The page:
MEMORABLE SNOW STORMS IN MILWAUKEE, WISCONSIN
(Excluding lake-effect snow storms, but does include lake-enhancement)
From 1896 to Present
November 5, 1896. 14.6 inches.
Heaviest snowfall on record for so early in the season. Snow had all melted
within five days.
January 12, 1908. 16.0 inches.
Heavy snow accompanied by high north winds prevailed all day. Snow stuck to
trees and wires causing many to break. Street car service crippled.
April 15-16, 1921. 15.0 inches.
Snowstorm accompanied by very high winds which was quite unusual because of
the lateness of the season. Three days after the storm had ended only a trace
remained on the ground due to rapid melting from warmer temperatures.
March 12, 1923. 13.0 inches.
Ranks as third heaviest March snowstorm. Up to $1 million damage. Lowest
barometric pressure during the storm was 28.82". Freezing rain occurred with
the snowstorm downing wires..awnings..signs and branches. All objects were
coated with up to 1 inch thick. Telephone/telegraph poles were downed.
February 4-5, 1924. 20.3 inches.
Still ranks as the most snowfall in a 24-hour period since 1884. The most
paralyzing blizzard up to that time. Over $1 million damage. Communication
with the outside world was said at the time to be back to the days of the
"Indian signal fire". Street car and train service crippled. Drifts of 8
to 10 feet high with considerable ice on trees and wires. Car ferries
remained in port. Schools were closed and several plate glass windows broken.
February 3-4, 1936. 9.6 inches.
This snowfall, on top of nearly 10 inches already on the ground, was blown
about by very high winds which caused huge drifts. In some neighboring
communities complete abandonment of snow removal work occurred. Trains were
stalled for periods of more than 24 hours and there were reports of automobile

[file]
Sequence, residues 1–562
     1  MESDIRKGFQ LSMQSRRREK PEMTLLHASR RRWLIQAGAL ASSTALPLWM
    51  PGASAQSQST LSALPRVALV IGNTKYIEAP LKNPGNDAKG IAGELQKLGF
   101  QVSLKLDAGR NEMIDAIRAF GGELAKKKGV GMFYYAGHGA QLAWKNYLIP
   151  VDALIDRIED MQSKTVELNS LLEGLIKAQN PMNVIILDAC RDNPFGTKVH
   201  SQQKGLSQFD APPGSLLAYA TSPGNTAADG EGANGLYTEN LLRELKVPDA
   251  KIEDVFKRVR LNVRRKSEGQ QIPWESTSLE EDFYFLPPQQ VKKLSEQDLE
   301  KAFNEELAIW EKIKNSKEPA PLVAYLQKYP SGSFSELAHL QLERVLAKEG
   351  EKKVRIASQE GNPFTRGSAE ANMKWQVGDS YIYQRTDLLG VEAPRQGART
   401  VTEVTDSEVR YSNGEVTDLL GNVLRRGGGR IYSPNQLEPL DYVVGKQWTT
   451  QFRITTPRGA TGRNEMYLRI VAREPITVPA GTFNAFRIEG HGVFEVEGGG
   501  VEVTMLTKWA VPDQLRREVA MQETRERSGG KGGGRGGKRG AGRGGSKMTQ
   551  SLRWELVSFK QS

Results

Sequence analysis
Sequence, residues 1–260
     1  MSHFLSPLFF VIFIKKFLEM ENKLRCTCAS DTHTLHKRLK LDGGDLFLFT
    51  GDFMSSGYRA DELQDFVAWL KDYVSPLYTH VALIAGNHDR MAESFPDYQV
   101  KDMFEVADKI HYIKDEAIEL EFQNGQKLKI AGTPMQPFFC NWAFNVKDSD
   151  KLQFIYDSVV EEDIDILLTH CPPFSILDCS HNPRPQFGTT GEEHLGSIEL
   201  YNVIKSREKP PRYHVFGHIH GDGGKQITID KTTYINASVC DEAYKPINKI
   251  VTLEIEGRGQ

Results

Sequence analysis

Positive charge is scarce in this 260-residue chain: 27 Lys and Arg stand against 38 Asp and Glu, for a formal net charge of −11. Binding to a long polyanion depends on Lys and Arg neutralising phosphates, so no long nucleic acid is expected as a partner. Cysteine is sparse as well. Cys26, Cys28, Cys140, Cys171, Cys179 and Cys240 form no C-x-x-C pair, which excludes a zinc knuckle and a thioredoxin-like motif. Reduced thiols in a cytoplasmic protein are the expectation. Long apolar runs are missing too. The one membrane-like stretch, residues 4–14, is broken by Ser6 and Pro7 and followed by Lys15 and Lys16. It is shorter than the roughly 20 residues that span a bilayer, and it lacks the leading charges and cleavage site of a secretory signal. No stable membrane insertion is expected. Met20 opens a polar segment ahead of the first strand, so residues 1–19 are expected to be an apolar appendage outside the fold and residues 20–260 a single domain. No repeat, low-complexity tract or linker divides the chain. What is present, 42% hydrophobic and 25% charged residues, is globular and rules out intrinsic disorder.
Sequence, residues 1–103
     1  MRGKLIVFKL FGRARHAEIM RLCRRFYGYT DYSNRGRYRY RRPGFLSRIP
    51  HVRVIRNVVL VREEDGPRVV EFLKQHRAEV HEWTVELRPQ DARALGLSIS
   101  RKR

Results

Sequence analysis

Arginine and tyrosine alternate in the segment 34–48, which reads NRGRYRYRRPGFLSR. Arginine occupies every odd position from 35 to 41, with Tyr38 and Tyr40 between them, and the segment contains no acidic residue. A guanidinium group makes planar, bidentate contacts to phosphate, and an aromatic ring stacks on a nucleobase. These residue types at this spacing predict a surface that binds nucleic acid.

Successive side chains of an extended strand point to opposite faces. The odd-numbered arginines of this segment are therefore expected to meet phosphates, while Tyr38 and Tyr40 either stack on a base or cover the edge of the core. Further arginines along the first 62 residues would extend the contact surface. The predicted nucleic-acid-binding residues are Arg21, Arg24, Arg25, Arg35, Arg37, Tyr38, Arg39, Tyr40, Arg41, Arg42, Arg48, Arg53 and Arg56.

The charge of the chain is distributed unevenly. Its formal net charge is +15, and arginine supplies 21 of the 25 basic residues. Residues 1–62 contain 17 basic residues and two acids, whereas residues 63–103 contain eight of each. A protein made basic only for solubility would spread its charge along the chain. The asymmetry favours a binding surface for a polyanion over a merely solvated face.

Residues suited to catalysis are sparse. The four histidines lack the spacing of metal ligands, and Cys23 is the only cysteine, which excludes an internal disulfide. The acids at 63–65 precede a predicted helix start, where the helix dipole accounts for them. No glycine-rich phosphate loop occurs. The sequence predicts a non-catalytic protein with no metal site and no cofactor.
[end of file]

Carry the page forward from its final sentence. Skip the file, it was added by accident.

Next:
travelers being marooned in farm homes for more than a week!
January 28-30, 1947. 18.0 inches.
Arguably the worst snowstorm that ever struck Milwaukee. The three-day
snowfall total from records was 18 inches, but this amount is likely to be
far below the actual amount that fell, due to the considerable blowing and
drifting. During the height of the storm the winds were northeast at 25 to
45 mph and visibilities were near zero in the moderate to heavy snow and
blowing snow. Huge drifts, as high as 15 feet, brought all traffic to a
standstill and not until the 31st was partial train and streetcar service
restored. All stores, factories, offices, and schools were closed from two
to four days with many people stranded in cars, buses, trains, railroad
depots, and hotel lobbies. The snowstorm was perhaps the longest, worst, and
most costliest in Milwaukee history.
March 8, 1961. 11.2 inches.
A heavy wet snow fell that accumulated very rapidly during the first several
hours and was accompanied by northeast winds well in excess of 30 mph. This
caused very serious traffic problems.
April 9, 1973. 11.9 inches.
After a relatively mild and snow-less winter, a major early spring snowstorm
struck with about a foot of heavy, wet snow accompanied by thunder and
lightning and winds gusting in excess of 50 mph. The city was virtually
shutdown. The storm led to an overhaul in plowing strategy and equipment.
Twelve days later heavy rains on top of snow-melt runoff brought rivers and
streams over their banks. Severe flooding occurred along the Root and Fox
rivers in Milwaukee, Waukesha, and Racine counties.
December 31, 1978 - January 1, 1979 14.0 inches.
Major snowstorm hit during the New Year's holiday which also happened to
fall on a weekend. Winds gusting to 40 mph caused drifts to 6 feet,
blocking many rural roads.
January 12-13, 1979. 14.3 inches.
Another major snowstorm followed the New Year's storm by two weeks.
Winds gusting to 40 mph caused near blizzard conditions with drifts to
6 to 8 feet blocking many roads. Travel became nearly impossible with
many snow plows pulled off the roads.
January 23-24, 1979. 9.5 inches.
Incredibly, less than two weeks later another major snowstorm struck
the area with near blizzard conditions and blocked roads. After this
storm, record snow depths of nearly three feet were measured. Accumulated
snow on roofs of houses, barns, and other buildings caused the roofs to
sag greatly or collapse during the month.
January 3-4, 1982. 8.6 inches.
An intense "Lower Mississippi Valley" type winter storm produced very
heavy snow in the Milwaukee metro area from the evening of the 3rd to
the late morning on the 4th. Temperatures just a few degrees below
freezing produced very high water-content snow, which coupled with